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National Solar Energy Centre

The NSEC is an Australian solar energy research program that falls under the Commonwealth Scientific and Industrial Research Organization (CSIRO). CSIRO has the goal of advancing clean energy sources, combating global warming, and reducing the use and pollution of all natural resources. The NSEC is the solar research branch of CSIRO that focuses on large-scale solar applications, particularly concentrated solar power.

Concentrated Solar Power

The NSEC began construction on a CSP tower system in Newcastle, Australia. The tower uses compressed air instead of steam to turn a turbine, making it somewhat unique in large-scale power generation facilities. The systems will produce enough energy to power 200 homes and is being designed as a national and international research facility for CSP.


CSIRO also invests resources in PV research, particular organic PV cells. Their focus is less on improving the characteristics of current technology and more on discovering and advancing future PV technology. Projects in this category include organic and dye-sensitive cells as well as work on understanding solar intermittency and how to create a stable grid supply of electricity using solar.

Dye-sensitive research at the NSEC is focused on improving the conversion efficiency of dye-based solar cells to levels near to that of current silicon cells. It is also investigating how to improve the durability and lifespan of dye-based technology, which is particularly susceptible to cold. The NSEC is interested in dye technology for its low cost, sustainability, and architectural appeal.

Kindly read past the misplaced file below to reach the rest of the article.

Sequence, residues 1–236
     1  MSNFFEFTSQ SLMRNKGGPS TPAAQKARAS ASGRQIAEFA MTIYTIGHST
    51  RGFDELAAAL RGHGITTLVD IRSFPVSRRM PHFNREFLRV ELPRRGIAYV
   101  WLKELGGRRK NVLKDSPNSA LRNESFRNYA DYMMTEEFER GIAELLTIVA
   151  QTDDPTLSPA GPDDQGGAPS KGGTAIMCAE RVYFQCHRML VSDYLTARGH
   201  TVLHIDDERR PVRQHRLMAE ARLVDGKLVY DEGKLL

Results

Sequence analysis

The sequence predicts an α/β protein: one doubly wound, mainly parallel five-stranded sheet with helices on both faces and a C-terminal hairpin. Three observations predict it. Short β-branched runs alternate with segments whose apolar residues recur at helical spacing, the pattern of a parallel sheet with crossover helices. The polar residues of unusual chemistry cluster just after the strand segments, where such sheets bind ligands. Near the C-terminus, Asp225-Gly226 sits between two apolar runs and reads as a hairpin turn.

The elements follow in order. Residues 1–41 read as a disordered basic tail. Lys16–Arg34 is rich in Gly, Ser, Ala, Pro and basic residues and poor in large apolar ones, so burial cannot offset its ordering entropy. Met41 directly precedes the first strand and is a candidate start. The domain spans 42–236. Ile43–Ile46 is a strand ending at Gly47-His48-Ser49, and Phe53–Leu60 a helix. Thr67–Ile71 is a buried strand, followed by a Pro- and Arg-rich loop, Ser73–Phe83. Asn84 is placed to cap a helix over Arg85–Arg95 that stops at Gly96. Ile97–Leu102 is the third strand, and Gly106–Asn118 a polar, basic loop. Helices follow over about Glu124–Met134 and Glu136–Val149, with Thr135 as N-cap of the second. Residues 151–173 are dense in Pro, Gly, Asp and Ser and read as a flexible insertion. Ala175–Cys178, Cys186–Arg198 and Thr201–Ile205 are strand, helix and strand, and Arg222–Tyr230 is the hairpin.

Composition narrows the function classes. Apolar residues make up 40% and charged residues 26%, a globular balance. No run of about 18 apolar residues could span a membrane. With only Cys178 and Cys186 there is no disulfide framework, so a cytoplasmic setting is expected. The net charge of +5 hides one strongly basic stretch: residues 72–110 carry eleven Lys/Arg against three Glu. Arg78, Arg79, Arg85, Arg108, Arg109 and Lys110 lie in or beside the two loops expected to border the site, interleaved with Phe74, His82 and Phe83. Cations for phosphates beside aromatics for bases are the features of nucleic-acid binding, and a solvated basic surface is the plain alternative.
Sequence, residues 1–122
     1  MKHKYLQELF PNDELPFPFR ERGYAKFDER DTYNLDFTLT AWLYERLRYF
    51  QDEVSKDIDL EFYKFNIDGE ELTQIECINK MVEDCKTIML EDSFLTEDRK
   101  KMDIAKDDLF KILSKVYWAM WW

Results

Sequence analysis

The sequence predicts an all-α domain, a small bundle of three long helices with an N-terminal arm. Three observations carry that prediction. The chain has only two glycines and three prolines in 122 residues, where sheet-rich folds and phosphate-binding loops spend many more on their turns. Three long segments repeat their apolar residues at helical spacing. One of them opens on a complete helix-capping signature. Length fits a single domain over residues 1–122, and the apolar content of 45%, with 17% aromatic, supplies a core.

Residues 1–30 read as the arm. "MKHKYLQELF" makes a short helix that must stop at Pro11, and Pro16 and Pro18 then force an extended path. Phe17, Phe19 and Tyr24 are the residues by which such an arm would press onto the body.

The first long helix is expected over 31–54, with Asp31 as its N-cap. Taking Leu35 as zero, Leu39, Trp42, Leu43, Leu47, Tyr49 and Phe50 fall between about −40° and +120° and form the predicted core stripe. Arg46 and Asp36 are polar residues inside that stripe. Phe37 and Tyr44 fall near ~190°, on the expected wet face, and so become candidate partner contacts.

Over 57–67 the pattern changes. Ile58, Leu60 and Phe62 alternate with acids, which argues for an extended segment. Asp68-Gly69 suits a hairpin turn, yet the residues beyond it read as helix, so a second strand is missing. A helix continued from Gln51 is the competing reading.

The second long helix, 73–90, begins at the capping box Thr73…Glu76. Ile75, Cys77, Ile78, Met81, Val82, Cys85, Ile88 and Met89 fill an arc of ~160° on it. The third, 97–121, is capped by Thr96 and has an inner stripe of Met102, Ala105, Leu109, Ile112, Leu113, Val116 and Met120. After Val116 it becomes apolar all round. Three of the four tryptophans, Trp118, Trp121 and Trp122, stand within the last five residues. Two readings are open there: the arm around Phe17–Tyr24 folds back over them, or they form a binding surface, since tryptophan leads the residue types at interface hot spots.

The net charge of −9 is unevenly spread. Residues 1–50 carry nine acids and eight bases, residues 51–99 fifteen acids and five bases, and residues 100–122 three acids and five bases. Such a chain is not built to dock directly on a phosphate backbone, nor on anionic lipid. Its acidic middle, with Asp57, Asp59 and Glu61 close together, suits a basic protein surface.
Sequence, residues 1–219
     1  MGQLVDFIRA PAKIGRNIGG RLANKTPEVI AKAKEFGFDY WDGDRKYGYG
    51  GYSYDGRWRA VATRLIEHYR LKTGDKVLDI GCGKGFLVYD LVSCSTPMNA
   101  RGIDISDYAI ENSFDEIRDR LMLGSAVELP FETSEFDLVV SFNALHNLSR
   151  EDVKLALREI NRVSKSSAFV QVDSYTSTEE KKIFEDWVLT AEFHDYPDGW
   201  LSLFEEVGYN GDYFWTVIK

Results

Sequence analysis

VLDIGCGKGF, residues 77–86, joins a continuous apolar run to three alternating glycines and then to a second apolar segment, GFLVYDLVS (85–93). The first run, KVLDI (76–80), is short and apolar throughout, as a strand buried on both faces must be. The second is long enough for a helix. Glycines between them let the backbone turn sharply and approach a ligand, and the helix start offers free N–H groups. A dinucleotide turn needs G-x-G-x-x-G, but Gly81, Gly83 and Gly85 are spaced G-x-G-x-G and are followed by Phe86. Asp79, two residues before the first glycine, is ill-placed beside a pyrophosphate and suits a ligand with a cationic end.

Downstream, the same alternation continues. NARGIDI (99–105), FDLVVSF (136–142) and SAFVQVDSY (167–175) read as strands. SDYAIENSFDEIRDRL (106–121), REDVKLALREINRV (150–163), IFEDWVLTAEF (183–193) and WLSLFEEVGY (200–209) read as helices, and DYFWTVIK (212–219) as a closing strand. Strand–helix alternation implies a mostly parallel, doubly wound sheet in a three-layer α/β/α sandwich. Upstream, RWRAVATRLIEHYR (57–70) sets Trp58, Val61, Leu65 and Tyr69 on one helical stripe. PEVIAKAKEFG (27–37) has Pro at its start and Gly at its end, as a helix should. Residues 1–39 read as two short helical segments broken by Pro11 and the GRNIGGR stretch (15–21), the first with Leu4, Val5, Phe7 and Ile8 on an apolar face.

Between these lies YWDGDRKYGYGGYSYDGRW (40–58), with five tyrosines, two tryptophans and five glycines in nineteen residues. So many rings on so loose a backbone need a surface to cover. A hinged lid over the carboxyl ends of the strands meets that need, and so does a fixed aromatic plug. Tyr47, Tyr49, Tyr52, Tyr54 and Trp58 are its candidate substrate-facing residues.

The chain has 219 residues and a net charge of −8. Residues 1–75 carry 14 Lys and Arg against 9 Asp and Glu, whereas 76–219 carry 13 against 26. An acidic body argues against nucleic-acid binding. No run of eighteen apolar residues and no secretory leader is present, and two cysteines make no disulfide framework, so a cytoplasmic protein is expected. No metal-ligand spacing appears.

Organic research is focused on similar objectives as dye research. Organic cells are of interest for their low cost, ease of manufacture, and ultra light weights. They are also one of the most environmentally friendly solar cells.

Solar Cooling

Active solar cooling and solar air conditioning is a particular area of interest to CSIRO as heating and cooling typically account for over half of the energy used in a building. Australia, on its hottest days, experiences a doubling in its electricity demand due to the use of air conditioning.

CSIRO is investigating technologies that will use solar thermal energy to provide both heating and cooling. They are investigating absorption cooling, which is found in some heat pumps, as well as desiccant cooling, which use moisture evaporation to cool air. CSIRO is one of the leading solar cooling research facilities in the world.


Storage of energy from solar power is one of the most difficult challenges in the industry. Thermal, chemical, and electrical means have been investigated, but no permanent solution has yet been found. CSIRO is looking at thermal storage and heat transfer systems for CSP as well as battery technology for storage of electricity and even natural gas.
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